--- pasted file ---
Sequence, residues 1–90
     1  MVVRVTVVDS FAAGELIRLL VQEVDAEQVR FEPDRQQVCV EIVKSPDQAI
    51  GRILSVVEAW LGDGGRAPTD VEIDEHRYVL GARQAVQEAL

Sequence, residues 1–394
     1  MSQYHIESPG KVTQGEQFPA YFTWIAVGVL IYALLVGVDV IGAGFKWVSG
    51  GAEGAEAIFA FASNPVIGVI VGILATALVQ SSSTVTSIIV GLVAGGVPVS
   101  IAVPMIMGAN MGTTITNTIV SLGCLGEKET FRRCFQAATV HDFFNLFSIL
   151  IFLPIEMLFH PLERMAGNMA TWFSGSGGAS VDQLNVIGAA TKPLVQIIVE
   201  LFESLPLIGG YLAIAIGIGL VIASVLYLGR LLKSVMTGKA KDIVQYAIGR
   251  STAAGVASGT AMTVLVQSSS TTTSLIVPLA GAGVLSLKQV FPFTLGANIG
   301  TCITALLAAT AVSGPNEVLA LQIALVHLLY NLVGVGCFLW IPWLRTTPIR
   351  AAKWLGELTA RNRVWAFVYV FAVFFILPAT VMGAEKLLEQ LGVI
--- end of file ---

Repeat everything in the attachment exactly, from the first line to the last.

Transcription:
Sequence, residues 1–90
     1  MVVRVTVVDS FAAGELIRLL VQEVDAEQVR FEPDRQQVCV EIVKSPDQAI
    51  GRILSVVEAW LGDGGRAPTD VEIDEHRYVL GARQAVQEAL

Sequence, residues 1–394
     1  MSQYHIESPG KVTQGEQFPA YFTWIAVGVL IYALLVGVDV IGAGFKWVSG
    51  GAEGAEAIFA FASNPVIGVI VGILATALVQ SSSTVTSIIV GLVAGGVPVS
   101  IAVPMIMGAN MGTTITNTIV SLGCLGEKET FRRCFQAATV HDFFNLFSIL
   151  IFLPIEMLFH PLERMAGNMA TWFSGSGGAS VDQLNVIGAA TKPLVQIIVE
   201  LFESLPLIGG YLAIAIGIGL VIASVLYLGR LLKSVMTGKA KDIVQYAIGR
   251  STAAGVASGT AMTVLVQSSS TTTSLIVPLA GAGVLSLKQV FPFTLGANIG
   301  TCITALLAAT AVSGPNEVLA LQIALVHLLY NLVGVGCFLW IPWLRTTPIR
   351  AAKWLGELTA RNRVWAFVYV FAVFFILPAT VMGAEKLLEQ LGVI